Video Games

When Two Parents Got Rid Of Their Xbox

Delaney Ruston, MD
December 14, 2021
Xbox and Playstation logos

When Rob and Maggie’s sons were about 13 and 15, they finally let their boys have what they were begging for: an Xbox. Their kitchen is attached to their family room, and Rob and Maggie soon started hearing one particular game getting played a lot: Grand Theft Auto

Rob told me, “We remain embarrassed that we neglected doing the due diligence before we let Grand Theft Auto into our house. And that when it was in the house, that we kept it so long.”

For those who don’t know, Grand Theft Auto (GTA) is a game about stealing cars and fighting, so there’s a lot of violence. (By the way, this game is brought up in the first Screenagers movie). 

Rob told me that his boys had other activities in their lives and that they weren’t always playing video games. That said, there was still a fair bit of playing. What got to Rob and Maggie was hearing all the nonstop violence in the game.

Rob said he played the game about ten times over the two years they had it — stating that he wanted “to see why it was so attractive to them.”

He saw how one could get “sort of a sugar high” from it, but he just kept seeing that. “It was the same old thing over and over: stealing cars and beating up people.”

Rob said that it ate at him that “the game normalizes violence.” There was also the time-sink factor of the gaming console. “I could see that none of their chores were getting done, but the gaming was getting done.”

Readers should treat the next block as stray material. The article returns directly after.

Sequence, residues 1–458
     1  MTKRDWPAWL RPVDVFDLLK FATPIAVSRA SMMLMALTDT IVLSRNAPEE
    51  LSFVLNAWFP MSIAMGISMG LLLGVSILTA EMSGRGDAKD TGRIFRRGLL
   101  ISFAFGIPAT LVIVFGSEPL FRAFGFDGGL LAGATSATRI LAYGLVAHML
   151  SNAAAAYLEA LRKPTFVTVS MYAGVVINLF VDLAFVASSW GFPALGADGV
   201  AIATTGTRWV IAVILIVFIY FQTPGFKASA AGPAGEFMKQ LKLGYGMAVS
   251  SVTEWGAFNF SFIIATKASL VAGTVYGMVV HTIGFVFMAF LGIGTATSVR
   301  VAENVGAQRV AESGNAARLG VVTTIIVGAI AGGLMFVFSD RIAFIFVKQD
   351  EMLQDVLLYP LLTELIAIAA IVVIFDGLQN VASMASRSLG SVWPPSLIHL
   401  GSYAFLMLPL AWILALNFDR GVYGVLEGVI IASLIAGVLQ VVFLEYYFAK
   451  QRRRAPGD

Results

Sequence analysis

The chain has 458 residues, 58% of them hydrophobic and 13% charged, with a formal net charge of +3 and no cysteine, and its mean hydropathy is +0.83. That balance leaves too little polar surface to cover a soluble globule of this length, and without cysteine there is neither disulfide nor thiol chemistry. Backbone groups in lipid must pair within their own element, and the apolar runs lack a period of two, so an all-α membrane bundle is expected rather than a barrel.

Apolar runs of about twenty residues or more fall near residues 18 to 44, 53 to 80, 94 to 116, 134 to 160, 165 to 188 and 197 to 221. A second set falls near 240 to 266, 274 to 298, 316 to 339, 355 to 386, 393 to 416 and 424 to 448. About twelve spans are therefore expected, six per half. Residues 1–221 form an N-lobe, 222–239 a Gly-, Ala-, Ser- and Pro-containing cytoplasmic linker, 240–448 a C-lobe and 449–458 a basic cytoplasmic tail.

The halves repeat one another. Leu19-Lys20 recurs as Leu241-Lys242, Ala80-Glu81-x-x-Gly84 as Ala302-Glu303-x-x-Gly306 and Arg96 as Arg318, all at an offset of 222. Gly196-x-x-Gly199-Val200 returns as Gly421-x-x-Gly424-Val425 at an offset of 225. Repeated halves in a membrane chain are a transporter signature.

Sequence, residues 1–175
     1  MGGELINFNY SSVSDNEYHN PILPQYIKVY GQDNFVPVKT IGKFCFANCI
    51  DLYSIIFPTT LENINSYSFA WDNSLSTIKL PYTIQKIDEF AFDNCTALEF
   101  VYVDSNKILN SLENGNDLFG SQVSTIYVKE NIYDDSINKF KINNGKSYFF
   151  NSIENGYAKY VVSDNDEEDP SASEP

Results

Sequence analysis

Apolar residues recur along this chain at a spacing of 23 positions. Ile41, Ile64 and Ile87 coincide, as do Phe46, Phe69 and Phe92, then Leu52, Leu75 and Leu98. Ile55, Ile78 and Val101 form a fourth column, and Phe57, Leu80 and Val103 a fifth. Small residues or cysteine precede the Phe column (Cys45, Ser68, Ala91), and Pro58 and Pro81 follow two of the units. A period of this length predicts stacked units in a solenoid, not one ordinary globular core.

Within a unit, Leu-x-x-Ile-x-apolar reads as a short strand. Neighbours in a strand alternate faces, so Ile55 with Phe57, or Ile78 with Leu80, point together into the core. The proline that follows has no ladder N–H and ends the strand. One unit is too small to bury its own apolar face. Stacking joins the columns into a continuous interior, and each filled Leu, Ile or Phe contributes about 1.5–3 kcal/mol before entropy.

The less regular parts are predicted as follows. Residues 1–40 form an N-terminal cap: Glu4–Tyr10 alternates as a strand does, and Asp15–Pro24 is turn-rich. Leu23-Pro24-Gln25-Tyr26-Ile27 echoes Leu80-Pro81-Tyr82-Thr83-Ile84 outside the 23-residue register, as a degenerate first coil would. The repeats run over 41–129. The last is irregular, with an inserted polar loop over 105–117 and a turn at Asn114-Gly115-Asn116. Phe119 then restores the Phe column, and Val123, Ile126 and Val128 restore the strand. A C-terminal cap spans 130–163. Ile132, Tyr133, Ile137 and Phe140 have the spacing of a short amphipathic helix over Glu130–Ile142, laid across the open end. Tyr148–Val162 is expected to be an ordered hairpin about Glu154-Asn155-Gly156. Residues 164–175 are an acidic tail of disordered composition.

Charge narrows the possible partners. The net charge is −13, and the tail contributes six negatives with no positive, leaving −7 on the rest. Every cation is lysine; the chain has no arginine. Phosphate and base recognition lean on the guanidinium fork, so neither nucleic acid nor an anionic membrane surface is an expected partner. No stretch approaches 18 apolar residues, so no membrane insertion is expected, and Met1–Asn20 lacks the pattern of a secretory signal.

Maggie said, “I also was irritated because I would want to watch a show, and the darn Xbox would make getting a show to play so frustratingly difficult.”

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Another concern that bothered the couple is what Rob referred to as “the surveillance factor of the game. When any of us entered the room, it would say ‘hi’ to us!” Rob and Maggie just didn’t like the fact a camera and microphone were listening and peering into their lives. 

They began talking with their boys about the fact they were considering getting rid of the Xbox, which made the boys pretty upset. The topic would be raised every few weeks for a couple of months. 

Finally, one day Rob and Maggie said, “We have decided to put it away indefinitely.” 

I spoke with their son, whom I’ll call Tim. Tim told me he was bummed when his parents finally decided to put the console away. He wasn't devastated, but he was definitely mad for a couple of weeks. He added that when his parents went to disconnect the Xbox, he ran to it and did it himself because he didn’t trust his parents’ ability to disconnect it without breaking it. 

Tim and his older brother were able to play video games on regular computers, just not on the Xbox. They didn’t play as much as when they had an Xbox. 

When I asked what he thought of GTA, he replied, “Adults think it promotes violence, but I think that is inaccurate. Many friends play it, and they are not aggressive.”  
Of course, I believe him that his friends aren’t aggressive. The impact of such games on aggressive thoughts and behaviors is complex and not the subject here today. However, the Screenagers Podcast episode, “Violence in Video Games and Shows And Why Should We Care?” explores the topic and is a great one to listen to as a family, perhaps during a car ride.